In this study, we used radial kernel support vector machine (SVM) to map the crop types of smallholder farms in two sites in eastern India. We focused on using SVM because previous studies have suggested that it produces higher classification accuracies compared to other commonly used algorithms, including random forest, for supervised pixel-based classifications. We specifically focused on mapping four major crops (maize, mustard, tobacco, and wheat) planted during the dry winter season in Bihar, India
Smallholder farming comprises 12% of global agricultural lands and produces approximately 30% of the global food supply. Smallholder systems are being challenged by environmental change, including climate change and natural resource degradation.
Mapping agricultural land cover and land-use change (LCLUC) is critically important for understanding the impacts of environmental change on agricultural production and the ways to enhance production in the face of these changes. While remote sensing has been widely used to map agricultural LCLUC across the globe, it has historically been challenging to map smallholder agricultural systems given the small size of fields (<2 ha) relative to long-term, readily available imagery, such as Landsat and MODIS.
Over the last decade, however, new readily available sensors, including Sentinel-1, Sentinel-2, and Planet, have been launched and can provide higher-resolution datasets (<=10 m). These new sensors have been shown to better detect field-level characteristics in smallholder systems, and they have the potential to provide the critical datasets needed to improve
food security over the coming decades.
One key dataset for monitoring LCLUC in smallholder systems is crop type. This is because identifying crop types is an important precursor to mapping agricultural production, particularly yield, and studies have shown that crop switching is one of the main axes of adaptation to environmental changes in smallholder systems.
Yet, to date, relatively little work has been carried out to map crop types in smallholder systems compared to other agricultural characteristics, such as cropped area and yield. The work that does exist to map smallholder crop types using readily available imagery has largely focused on using Sentinel 1 and 2, yet it is likely that micro-satellite data could improve classification accuracies given their higher spatial resolution, which reduces the effect of mixed pixels at field edges.
To the best of our knowledge, only two studies have examined the benefits that Planet micro-satellite data provide when mapping smallholder crop types, and these two studies were conducted in Africa. To date, no work, to the best of our knowledge, has examined the ability of Planet satellite data to map crop types in India, which is the world’s largest nation of smallholder farms.
In this study, we used radial kernel support vector machine (SVM) to map the crop types of smallholder farms in two sites in eastern India. We focused on using SVM because previous studies have suggested that it produces higher classification accuracies compared to other commonly used algorithms, including random forest, for supervised pixel-based classifications.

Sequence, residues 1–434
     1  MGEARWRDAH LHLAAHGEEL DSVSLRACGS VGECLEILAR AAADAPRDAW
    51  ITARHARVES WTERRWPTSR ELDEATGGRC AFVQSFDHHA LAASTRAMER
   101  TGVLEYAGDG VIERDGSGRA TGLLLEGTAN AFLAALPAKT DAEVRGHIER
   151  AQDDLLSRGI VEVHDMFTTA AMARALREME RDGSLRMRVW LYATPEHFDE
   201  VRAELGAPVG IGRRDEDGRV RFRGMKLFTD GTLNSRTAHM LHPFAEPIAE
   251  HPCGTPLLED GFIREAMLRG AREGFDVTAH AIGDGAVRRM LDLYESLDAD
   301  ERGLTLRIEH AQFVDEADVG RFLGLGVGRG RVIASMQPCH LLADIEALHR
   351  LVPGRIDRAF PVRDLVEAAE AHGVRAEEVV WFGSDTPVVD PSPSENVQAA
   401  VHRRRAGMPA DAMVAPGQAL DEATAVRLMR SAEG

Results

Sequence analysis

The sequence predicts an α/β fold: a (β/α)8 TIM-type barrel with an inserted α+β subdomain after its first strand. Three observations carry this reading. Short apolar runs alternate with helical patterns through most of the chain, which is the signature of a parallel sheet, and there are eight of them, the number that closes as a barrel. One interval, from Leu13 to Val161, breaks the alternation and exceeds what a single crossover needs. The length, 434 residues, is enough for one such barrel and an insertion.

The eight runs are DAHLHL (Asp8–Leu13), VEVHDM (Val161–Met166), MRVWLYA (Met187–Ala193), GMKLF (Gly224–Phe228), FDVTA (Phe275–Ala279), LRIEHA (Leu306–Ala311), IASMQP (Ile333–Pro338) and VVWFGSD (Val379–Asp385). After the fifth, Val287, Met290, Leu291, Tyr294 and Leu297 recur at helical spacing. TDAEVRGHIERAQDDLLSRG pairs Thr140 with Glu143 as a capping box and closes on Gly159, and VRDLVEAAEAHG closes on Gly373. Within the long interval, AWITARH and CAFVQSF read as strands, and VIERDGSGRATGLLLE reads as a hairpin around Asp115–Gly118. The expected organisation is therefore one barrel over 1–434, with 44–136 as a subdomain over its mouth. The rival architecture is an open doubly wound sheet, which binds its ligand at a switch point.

We specifically focused on mapping four major crops (maize, mustard, tobacco, and wheat) planted during the dry winter season in Bihar, India. We used these data to ask three specific research questions:
- How accurately do Sentinel-1, Sentinel-2, and PlanetScope imagery map crop types in smallholder systems?
- Which sensor or sensor combinations lead to the greatest classification accuracies?
- Does crop type classification accuracy vary with farm size?
- Does adding Planet satellite data improve the classification accuracy more for the smallest farms?
- How does classification accuracy vary based on the timing of imagery used?
- Are there particular times during the growing season that lead to a better discrimination of crop types?
This study provides important insights into the ability of new, higher-resolution satellite data to map crop types in smallholder systems in India. Such information is critical given that readily available crop type maps do not exist across the country, and crop type information can be used to better understand the impacts of environmental change in this globally important agricultural region.
In this study, we assessed the ability of three readily available, high-resolution sensors (Sentinel-1, Sentinel-2, and Planet) to detect four major crop types across smallholder farming systems in eastern India. We found that using all three sensors led to the highest classification accuracy (85%).
Planet satellite imagery was important for classifying crop types in this system, leading to the greatest increases in classification accuracy, particularly for the smallest farms (<600 m2). Furthermore, our results suggest that using only imagery from the second half of the growing season is adequate to differentiate crop types in this system.
Overall, our results suggest that Sentinel-1, Sentinel-2, and PlanetScope imagery can be used to accurately map crop type, even in heterogeneous systems with small field sizes such as those in India.
Read the full study:
Rao P, Zhou W, Bhattarai N, Srivastava A.K, Singh B, Poonia S, Lobell DB, Jain M. (2021) Using Sentinel-1, Sentinel-2, and Planet Imagery to Map Crop Type of Smallholder Farms. Remote Sens. 13, 1870.